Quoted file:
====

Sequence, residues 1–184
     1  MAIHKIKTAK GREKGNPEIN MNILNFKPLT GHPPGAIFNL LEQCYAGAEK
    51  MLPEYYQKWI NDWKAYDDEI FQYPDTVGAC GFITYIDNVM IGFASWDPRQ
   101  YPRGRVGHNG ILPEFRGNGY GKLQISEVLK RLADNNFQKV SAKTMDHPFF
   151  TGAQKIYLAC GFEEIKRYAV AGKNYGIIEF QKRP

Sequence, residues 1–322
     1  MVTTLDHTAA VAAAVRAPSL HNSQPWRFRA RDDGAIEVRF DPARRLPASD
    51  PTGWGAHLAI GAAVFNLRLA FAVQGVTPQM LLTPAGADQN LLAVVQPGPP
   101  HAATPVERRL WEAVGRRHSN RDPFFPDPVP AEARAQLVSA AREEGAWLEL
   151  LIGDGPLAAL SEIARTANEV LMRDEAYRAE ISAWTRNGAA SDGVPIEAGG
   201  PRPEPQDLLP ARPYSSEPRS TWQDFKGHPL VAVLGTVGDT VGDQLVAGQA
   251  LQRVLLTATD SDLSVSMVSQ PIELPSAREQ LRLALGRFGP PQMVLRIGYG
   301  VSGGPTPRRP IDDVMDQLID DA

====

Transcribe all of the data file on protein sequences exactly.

Sequence, residues 1–184
     1  MAIHKIKTAK GREKGNPEIN MNILNFKPLT GHPPGAIFNL LEQCYAGAEK
    51  MLPEYYQKWI NDWKAYDDEI FQYPDTVGAC GFITYIDNVM IGFASWDPRQ
   101  YPRGRVGHNG ILPEFRGNGY GKLQISEVLK RLADNNFQKV SAKTMDHPFF
   151  TGAQKIYLAC GFEEIKRYAV AGKNYGIIEF QKRP

Sequence, residues 1–322
     1  MVTTLDHTAA VAAAVRAPSL HNSQPWRFRA RDDGAIEVRF DPARRLPASD
    51  PTGWGAHLAI GAAVFNLRLA FAVQGVTPQM LLTPAGADQN LLAVVQPGPP
   101  HAATPVERRL WEAVGRRHSN RDPFFPDPVP AEARAQLVSA AREEGAWLEL
   151  LIGDGPLAAL SEIARTANEV LMRDEAYRAE ISAWTRNGAA SDGVPIEAGG
   201  PRPEPQDLLP ARPYSSEPRS TWQDFKGHPL VAVLGTVGDT VGDQLVAGQA
   251  LQRVLLTATD SDLSVSMVSQ PIELPSAREQ LRLALGRFGP PQMVLRIGYG
   301  VSGGPTPRRP IDDVMDQLID DA